Figure 6 breaks down the source of income and Madison County has the largest proportion of income from wages at 5.8% of the total and is ranked #1.
The next chart (Figure 7) shows the percentage of households that had retirement income over the last 12 months and it has a With Retirement Income of 28.5% which is the third most of all other counties in the area. The county with the highest households with retirement income in the area is Clark County which shows a households with retirement income of 29.5% (only about 3.6% larger).
The percentage of full-time workers are compared to the number of part-time workers in Figure 8. Madison County depicts full time employees approximately 3.9 times bigger as the part time employees.
Similar to the last chart is Figure 9 which shows the number of people who are self employed but in more detailed industry categories such as manufacturing, retail sales, residential real estate, commercial real estate, health care, exports/imports, and advanced industries, etc. Madison County depicts it has the hightest entrepreneurs of 25% for the self employed in professional, scientific, management, administrative services aggregate.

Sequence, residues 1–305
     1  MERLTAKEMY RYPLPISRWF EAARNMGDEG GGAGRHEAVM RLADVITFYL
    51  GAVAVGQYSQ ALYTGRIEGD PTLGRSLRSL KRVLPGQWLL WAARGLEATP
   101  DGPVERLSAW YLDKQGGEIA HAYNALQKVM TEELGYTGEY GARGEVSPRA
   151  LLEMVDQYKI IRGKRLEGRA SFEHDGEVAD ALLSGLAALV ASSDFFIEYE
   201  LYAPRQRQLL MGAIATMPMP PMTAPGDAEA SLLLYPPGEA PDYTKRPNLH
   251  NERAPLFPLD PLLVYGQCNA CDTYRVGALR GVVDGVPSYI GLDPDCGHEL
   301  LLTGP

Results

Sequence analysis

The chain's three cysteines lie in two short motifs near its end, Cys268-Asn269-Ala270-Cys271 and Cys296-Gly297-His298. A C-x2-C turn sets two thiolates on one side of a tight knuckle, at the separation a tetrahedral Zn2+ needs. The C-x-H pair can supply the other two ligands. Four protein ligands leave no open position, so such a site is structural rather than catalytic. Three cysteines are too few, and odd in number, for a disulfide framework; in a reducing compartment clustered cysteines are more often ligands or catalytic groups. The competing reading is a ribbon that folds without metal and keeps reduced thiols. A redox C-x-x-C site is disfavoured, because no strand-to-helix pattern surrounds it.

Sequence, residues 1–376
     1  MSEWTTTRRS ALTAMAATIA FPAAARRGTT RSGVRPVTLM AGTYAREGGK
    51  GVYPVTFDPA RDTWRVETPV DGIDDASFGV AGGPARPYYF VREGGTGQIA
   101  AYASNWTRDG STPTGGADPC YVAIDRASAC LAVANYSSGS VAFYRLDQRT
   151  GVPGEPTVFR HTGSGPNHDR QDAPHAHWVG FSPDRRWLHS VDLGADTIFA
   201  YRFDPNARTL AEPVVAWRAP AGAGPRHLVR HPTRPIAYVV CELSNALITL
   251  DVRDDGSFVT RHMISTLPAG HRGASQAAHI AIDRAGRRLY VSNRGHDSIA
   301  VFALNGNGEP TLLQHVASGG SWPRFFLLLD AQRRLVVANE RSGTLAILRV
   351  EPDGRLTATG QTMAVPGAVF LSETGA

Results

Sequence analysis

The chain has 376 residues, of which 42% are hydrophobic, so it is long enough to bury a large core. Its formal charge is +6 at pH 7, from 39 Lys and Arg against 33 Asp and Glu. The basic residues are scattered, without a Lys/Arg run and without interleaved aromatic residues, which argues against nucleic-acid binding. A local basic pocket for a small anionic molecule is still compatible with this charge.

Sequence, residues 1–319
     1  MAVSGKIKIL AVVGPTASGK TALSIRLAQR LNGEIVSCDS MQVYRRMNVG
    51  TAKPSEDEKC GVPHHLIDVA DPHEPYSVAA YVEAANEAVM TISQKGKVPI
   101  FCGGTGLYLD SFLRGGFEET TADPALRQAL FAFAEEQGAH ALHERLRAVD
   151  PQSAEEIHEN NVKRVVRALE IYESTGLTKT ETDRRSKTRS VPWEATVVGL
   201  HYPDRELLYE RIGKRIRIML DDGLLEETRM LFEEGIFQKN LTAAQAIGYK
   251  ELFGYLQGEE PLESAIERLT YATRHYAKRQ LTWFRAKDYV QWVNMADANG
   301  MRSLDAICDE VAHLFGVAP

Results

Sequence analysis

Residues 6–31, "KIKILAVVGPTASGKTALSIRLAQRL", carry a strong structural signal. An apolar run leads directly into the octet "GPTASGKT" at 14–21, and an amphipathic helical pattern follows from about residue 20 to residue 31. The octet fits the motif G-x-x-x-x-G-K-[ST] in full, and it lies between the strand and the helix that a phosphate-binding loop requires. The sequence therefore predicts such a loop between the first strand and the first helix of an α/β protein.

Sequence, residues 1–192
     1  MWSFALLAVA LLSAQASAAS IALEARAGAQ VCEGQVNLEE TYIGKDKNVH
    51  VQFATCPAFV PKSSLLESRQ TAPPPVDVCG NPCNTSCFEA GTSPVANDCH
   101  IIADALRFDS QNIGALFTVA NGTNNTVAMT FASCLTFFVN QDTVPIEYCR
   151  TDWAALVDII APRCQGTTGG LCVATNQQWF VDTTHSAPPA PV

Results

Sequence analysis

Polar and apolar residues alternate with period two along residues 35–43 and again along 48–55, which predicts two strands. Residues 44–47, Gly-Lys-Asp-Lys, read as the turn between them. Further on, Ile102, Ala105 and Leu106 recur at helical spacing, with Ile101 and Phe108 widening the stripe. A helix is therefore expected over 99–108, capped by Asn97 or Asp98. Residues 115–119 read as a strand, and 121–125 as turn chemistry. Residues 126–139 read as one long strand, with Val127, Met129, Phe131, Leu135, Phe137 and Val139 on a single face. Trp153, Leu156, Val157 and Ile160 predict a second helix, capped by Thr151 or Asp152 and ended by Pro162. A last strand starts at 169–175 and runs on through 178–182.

Figure 10 shows the cost of living and other consumer spending categories for a variety of cost components from the Bureau of Labor Statistics. Madison County depicts it has the hightest cost of 107.7 for the cost of healthcare aggregate.
Madison County Poverty Charts
In Figure 11 the percentage of people earning less than the poverty level is shown and compared across the group of places. Madison County depicts it has a Percent of Population In Poverty of 10.2% which is the second smallest as measured by percent of people earning less than the poverty level of all the other counties in the metro area. The county with the highest percent of people earning less than the poverty level in the area is Fayette County which depicts a percent of people in poverty of 16.1% (58.4% larger).
Additionally, Figure 12 looks at the percentage of people who receive some form of public assistance including general assistance, temporary assistance or food stamps (i.e. SNAP.) Madison County depicts it has a Public Assistance Percent of 11.4% which is less than most other counties in the greater region. The county with the highest households with public assistance in the area is Clark County which shows a households with public assistance of 18.9% (65.4% larger).
Madison County Labor Force Charts
The table in Figure 13, shows Madison County employment data in terms of job categories and salary data.